Propaganda-Stamps-of-North-Vietnam

Propaganda Stamps of North Vietnam

27 Apr 2019  Sat

North Vietnam had issued several interesting propaganda stamps almost 50 years ago to boost the nation’s morale and international image as the US military forces initiated Operation Rolling Thunder and bombed them heavily. The North Vietnamese army shot down many American fixed-wing aircraft and helicopters using anti-aircraft fire, surface-to-air missiles and small arms fire.

The first stamp was issued in 1965, claiming 500 US Aircraft Shot Down Over North Vietnam. A stamp was issued in 1966 claiming 1,000 shot down. The design is inspired from the “Guerilla Girl” photo showing Captain Bill Robinson in custody of a female soldier. Bill Robinson was the longest held prisoner of war in American history. His helicopter was shot down on 20th September 1965 and he was released on 12th February 1973. He even stayed in the controversial prison in Hanoi Hilton. The photo was staged and the girl didn’t capture the American soldier single-handedly unlike the false claims. The final set of stamps was released in 1973, after which the US withdrew itself from the Vietnam War. The claims made by these stamps were probably false and were hyped. However, even the real numbers were considerably huge!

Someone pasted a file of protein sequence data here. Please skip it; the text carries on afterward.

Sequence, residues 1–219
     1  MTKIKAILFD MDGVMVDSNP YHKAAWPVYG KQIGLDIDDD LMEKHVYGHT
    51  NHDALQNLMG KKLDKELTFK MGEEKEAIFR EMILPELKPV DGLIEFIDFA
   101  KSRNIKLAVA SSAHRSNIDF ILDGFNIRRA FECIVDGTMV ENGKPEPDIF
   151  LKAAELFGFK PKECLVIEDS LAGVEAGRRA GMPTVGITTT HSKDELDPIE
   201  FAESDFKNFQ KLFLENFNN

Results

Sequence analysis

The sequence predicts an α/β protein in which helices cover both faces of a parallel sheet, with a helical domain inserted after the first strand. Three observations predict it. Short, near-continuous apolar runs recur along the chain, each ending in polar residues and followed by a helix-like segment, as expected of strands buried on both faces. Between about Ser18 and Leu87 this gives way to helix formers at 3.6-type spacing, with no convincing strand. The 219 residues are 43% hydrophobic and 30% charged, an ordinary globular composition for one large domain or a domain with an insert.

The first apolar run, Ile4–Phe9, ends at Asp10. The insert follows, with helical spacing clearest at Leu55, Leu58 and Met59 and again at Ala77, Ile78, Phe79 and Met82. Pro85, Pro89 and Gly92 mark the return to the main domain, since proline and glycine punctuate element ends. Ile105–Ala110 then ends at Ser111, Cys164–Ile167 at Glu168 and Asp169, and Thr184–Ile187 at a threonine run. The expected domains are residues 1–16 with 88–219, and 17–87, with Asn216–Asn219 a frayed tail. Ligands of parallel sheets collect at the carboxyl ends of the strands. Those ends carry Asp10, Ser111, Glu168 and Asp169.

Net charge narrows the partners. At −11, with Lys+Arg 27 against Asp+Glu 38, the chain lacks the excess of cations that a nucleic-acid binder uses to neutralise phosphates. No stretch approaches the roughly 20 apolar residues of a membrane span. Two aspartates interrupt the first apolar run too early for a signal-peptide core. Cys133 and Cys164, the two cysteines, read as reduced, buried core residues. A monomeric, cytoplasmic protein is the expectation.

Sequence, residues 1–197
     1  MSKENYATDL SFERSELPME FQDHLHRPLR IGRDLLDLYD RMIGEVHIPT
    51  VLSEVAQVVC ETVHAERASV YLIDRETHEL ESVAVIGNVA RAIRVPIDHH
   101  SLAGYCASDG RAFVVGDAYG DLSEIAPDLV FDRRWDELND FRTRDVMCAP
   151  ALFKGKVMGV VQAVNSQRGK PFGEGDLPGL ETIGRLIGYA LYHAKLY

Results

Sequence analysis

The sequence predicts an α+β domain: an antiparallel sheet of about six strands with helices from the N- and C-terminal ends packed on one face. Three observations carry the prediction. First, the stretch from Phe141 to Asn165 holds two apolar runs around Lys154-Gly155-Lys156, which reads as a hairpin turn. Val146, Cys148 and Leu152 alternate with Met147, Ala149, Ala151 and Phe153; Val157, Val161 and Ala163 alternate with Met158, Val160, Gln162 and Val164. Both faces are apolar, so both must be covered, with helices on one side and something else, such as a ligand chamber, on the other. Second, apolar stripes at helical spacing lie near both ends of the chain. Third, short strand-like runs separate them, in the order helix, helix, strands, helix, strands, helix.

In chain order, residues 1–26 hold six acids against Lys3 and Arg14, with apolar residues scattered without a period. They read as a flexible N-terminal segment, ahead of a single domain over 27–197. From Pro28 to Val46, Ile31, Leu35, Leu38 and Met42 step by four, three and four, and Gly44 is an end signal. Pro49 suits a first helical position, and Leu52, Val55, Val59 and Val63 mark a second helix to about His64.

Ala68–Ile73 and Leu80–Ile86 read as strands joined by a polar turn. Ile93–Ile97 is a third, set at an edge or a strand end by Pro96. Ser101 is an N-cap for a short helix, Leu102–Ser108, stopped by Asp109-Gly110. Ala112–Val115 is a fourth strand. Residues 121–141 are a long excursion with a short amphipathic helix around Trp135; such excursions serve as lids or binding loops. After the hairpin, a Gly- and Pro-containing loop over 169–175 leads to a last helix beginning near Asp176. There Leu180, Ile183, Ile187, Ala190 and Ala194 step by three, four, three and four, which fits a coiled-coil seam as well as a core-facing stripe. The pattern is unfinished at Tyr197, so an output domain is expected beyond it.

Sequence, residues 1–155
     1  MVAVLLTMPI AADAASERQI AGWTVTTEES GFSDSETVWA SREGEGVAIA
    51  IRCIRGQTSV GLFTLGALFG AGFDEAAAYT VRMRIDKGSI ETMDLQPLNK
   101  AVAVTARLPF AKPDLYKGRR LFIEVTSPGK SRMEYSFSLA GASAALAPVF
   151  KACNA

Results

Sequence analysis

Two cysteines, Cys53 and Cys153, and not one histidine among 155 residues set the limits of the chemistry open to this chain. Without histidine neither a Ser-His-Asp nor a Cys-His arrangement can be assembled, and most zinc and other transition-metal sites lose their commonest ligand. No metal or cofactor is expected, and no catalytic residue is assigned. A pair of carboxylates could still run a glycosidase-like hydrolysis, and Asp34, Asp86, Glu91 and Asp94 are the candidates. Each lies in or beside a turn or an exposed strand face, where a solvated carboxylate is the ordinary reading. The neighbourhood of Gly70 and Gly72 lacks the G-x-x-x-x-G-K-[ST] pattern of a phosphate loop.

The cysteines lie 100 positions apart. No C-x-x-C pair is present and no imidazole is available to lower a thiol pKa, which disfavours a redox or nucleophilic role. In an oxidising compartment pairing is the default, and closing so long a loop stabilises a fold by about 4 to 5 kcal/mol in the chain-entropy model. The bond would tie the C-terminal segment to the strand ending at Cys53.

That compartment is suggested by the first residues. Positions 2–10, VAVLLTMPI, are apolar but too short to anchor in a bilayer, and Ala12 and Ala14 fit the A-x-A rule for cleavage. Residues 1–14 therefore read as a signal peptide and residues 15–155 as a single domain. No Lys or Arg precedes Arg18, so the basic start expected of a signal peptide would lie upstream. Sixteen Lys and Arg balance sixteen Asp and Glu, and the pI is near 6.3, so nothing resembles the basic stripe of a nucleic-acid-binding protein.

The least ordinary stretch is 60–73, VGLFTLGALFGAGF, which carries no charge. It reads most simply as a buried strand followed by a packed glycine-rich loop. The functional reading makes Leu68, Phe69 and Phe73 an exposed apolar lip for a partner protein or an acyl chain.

On 14th October 1966, a stamp was released claiming the number to be 1,500. By 5th June 1967, the number became 2,000. In 1967, a new stamp claimed that 2500 US planes were shot down, which rose to 3,000 in 1968 and 3500 in 1972. Another stamp was released later in the same year, claiming that 4000 US planes were shot down.

A set of four stamps called ‘Victory Over US Airforce’ was released in 1973. It claimed that a total of 4.181 US planes were shot down. Another propaganda stamp features a 31-year-old American Quaker activist named Norman Morrison who burnt himself alive on 2nd November 1965 in front of the Pentagon to protest American involvement in the Vietnam War.

Visit philamart to view and purchase variety of stamps from all over the world.

Image Courtesy: Google Images

Knowledge Base